Intellectual Property Law

Maker of 'Twilight' parody discusses tent poles, movie history and stereotypes in IP suit

The maker of a Twilight parody called Twiharder claims in a lengthy lawsuit that potential distributors were scared off after it received a “sham” cease-and-desist notice.

The 219-page suit claims anti-competitive conduct by Lionsgate Entertainment and goes on to offer critical reaction to Twilight, report the Hollywood Reporter and the Wrap.

The Twilight saga has been “heavily criticized by civil rights activists and academic scholars for perpetuating one-dimensional stereotypes about Native American heritage,” according to the suit, filed in federal court in Manhattan. The film has also been criticized for promoting “an emotionally and physically abusive relationship,” the complaint says.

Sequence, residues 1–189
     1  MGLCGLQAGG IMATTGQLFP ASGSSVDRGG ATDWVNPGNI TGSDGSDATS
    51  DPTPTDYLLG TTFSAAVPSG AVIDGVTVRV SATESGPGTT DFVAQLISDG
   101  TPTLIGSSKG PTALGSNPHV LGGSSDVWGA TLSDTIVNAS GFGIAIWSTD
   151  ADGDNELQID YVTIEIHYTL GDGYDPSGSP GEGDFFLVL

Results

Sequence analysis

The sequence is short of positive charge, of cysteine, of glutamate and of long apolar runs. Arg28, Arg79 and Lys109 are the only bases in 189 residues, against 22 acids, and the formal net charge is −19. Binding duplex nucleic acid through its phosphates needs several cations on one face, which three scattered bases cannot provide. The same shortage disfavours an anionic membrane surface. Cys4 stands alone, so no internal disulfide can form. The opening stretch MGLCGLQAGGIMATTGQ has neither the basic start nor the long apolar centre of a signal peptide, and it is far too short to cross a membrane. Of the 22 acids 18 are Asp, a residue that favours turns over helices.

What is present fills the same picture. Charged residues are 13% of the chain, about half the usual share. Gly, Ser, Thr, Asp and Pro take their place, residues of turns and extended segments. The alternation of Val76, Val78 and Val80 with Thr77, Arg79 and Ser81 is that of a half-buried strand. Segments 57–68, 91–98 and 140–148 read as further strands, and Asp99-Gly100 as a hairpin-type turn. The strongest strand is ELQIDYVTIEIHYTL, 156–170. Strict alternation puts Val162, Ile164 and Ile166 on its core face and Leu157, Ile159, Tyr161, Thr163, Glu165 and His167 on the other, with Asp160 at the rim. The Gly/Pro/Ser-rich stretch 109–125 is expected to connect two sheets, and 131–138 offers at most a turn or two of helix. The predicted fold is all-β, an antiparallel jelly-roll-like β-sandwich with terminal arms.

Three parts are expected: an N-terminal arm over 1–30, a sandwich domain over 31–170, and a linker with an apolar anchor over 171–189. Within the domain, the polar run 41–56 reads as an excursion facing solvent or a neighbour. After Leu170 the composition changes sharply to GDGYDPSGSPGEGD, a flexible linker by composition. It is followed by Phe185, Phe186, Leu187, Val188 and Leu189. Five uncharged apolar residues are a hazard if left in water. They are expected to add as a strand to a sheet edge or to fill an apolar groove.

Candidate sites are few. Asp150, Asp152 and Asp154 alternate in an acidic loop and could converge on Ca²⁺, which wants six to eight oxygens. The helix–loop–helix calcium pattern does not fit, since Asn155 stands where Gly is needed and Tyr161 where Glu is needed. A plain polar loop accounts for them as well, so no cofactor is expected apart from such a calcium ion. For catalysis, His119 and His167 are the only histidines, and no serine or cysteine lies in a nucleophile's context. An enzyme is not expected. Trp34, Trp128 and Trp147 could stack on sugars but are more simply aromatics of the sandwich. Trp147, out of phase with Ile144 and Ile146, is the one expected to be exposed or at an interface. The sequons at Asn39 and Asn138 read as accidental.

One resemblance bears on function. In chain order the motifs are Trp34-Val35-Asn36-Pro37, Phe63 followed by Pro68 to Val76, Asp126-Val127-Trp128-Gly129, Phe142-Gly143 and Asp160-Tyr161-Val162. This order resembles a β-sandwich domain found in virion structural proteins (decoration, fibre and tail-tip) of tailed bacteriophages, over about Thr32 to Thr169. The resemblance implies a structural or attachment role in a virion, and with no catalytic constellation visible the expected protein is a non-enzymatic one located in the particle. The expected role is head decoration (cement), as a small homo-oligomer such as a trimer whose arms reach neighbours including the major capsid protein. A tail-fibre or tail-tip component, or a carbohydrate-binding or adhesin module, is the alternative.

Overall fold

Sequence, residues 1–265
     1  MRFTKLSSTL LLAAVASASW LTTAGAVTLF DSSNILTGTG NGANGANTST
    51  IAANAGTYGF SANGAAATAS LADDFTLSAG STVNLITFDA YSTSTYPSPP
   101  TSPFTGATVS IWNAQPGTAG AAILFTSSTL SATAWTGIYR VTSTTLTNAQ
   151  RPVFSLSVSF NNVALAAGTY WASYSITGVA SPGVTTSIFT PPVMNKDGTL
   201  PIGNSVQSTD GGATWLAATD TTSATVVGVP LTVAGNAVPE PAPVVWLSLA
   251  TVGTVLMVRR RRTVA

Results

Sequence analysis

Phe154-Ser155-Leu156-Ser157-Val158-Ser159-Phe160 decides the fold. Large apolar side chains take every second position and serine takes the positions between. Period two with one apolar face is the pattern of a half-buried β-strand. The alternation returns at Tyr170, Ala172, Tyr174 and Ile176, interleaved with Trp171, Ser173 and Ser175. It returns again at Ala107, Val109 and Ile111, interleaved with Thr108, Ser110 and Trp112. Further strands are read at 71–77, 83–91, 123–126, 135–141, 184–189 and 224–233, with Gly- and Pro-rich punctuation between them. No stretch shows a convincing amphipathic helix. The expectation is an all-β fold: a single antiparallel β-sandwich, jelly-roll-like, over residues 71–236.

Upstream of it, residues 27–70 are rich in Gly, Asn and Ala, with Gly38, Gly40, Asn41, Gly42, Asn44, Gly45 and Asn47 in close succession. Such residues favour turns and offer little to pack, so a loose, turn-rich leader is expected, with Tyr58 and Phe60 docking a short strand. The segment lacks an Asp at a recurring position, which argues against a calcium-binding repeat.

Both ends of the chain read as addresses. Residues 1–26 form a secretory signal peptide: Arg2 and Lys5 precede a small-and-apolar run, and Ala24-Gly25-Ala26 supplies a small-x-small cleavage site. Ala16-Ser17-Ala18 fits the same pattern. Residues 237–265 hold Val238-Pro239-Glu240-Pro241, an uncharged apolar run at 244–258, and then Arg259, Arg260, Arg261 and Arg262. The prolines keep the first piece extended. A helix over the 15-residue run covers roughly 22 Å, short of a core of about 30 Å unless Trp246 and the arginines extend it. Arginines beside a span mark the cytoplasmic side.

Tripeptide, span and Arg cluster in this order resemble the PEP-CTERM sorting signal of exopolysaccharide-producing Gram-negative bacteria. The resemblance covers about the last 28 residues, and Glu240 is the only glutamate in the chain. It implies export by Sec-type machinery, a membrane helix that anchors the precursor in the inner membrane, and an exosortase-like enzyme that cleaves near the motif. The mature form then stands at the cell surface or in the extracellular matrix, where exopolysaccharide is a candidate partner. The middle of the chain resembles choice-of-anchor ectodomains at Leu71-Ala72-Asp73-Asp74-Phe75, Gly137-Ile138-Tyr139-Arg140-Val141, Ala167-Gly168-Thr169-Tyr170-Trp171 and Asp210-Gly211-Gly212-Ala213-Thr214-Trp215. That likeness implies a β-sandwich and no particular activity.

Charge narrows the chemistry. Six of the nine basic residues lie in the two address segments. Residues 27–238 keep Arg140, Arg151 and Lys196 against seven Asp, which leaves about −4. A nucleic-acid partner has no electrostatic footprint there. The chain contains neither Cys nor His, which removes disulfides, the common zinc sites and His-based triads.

The suit also notes the film’s “the lustful and eventually sexual relationship between a 17-year-old girl, Bella Swan, and a male character, Edward Cullen, who is nearly 100 years her senior.”

The plaintiff is Between the Lines Productions. Its complaint includes a history of “movie franchises” and discussion of the “tentpole” franchise era, in which a book series becomes a movie series. Included is an illustration of a tent pole used to erect circus tents. “And that’s just in the first crazy 56 pages,” the Hollywood Reporter says.

THR says its “award for legal chutzpah” goes to the lawyer who filed the suit.

We welcome your comments, but please adhere to our comment policy and the ABA Code of Conduct.

Commenting is not available in this channel entry.